Mom and baby were playing, fin slapping the water. You can see two fins raised up if you look closely enough.Then we saw a huge chunk of tail push out of the water, and slap the surface. The guide says that tail weighs 70 tons. It was over too quickly for a photo, but you can see the splash.
The whales travel in packs of two or three, and we were so close we could hear them breathe, big exhales that spurted mist high into the air.
We even saw one whale point its face above the surface, the guide says the whale was looking around, seeing what was above water.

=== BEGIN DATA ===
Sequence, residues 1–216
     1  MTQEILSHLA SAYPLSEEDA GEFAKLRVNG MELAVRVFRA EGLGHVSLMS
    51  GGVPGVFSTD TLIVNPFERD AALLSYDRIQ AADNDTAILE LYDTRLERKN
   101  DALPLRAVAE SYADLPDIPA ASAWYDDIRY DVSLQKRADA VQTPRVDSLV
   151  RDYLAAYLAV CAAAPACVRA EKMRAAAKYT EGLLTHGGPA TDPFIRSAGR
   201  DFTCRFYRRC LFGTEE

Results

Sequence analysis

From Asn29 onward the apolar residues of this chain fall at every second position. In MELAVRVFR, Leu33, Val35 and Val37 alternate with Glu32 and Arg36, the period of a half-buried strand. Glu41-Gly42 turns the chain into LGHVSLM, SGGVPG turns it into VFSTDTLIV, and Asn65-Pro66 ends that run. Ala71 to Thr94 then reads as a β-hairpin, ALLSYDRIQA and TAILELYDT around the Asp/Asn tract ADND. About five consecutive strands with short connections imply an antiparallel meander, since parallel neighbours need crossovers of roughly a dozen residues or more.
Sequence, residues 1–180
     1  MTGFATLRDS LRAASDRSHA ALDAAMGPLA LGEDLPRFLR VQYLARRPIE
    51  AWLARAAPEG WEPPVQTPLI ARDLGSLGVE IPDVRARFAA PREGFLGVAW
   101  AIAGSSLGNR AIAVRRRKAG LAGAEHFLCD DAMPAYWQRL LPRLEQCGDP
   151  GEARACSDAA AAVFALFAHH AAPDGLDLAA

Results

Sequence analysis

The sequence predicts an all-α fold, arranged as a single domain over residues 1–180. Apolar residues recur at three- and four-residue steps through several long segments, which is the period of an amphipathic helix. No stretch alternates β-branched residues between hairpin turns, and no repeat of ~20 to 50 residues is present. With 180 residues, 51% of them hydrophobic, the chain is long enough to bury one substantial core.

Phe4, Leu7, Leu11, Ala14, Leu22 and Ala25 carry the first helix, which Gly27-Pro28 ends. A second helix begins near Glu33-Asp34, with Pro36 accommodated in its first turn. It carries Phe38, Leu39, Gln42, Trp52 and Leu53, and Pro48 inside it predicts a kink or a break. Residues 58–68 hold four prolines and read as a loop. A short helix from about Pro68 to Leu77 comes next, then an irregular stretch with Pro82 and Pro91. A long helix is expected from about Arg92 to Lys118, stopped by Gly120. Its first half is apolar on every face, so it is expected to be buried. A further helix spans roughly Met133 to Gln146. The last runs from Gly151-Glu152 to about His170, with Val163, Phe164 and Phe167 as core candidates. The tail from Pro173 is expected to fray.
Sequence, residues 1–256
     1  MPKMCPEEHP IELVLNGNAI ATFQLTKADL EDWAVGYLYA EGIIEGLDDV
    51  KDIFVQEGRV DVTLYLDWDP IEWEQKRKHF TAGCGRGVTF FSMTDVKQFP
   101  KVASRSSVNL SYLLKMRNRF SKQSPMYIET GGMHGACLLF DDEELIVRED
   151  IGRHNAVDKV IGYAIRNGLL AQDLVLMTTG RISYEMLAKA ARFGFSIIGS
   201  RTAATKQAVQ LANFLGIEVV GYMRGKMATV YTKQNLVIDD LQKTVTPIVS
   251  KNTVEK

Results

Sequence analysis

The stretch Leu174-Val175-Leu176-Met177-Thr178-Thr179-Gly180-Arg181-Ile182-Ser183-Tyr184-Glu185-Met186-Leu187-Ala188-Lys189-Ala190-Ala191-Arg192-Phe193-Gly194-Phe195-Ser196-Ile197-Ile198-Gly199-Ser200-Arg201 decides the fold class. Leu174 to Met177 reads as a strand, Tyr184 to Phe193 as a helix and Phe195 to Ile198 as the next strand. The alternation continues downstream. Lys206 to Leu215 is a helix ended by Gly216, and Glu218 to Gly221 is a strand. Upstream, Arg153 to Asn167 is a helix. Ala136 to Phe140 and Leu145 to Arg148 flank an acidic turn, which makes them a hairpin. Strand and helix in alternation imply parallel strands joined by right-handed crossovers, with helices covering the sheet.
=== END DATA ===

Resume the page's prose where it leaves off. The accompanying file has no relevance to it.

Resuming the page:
The guide also put a hydrophone in the water, and we got to hear the whale song. It was a melodic tune, sung in recognizable refrains. The naturalist says all whales sing the same song, depending on the time of year, no matter where they are in the world. These are such amazing, gentle creatures, and I felt blessed got to see them up close. It's hard to believe there used to only be 1,000 of them left in the world because of whaling, now there are close to 30,000.
I'm so glad people love whales now, and are only armed with cameras, not guns or spears.
I can't wait to go whale watching again!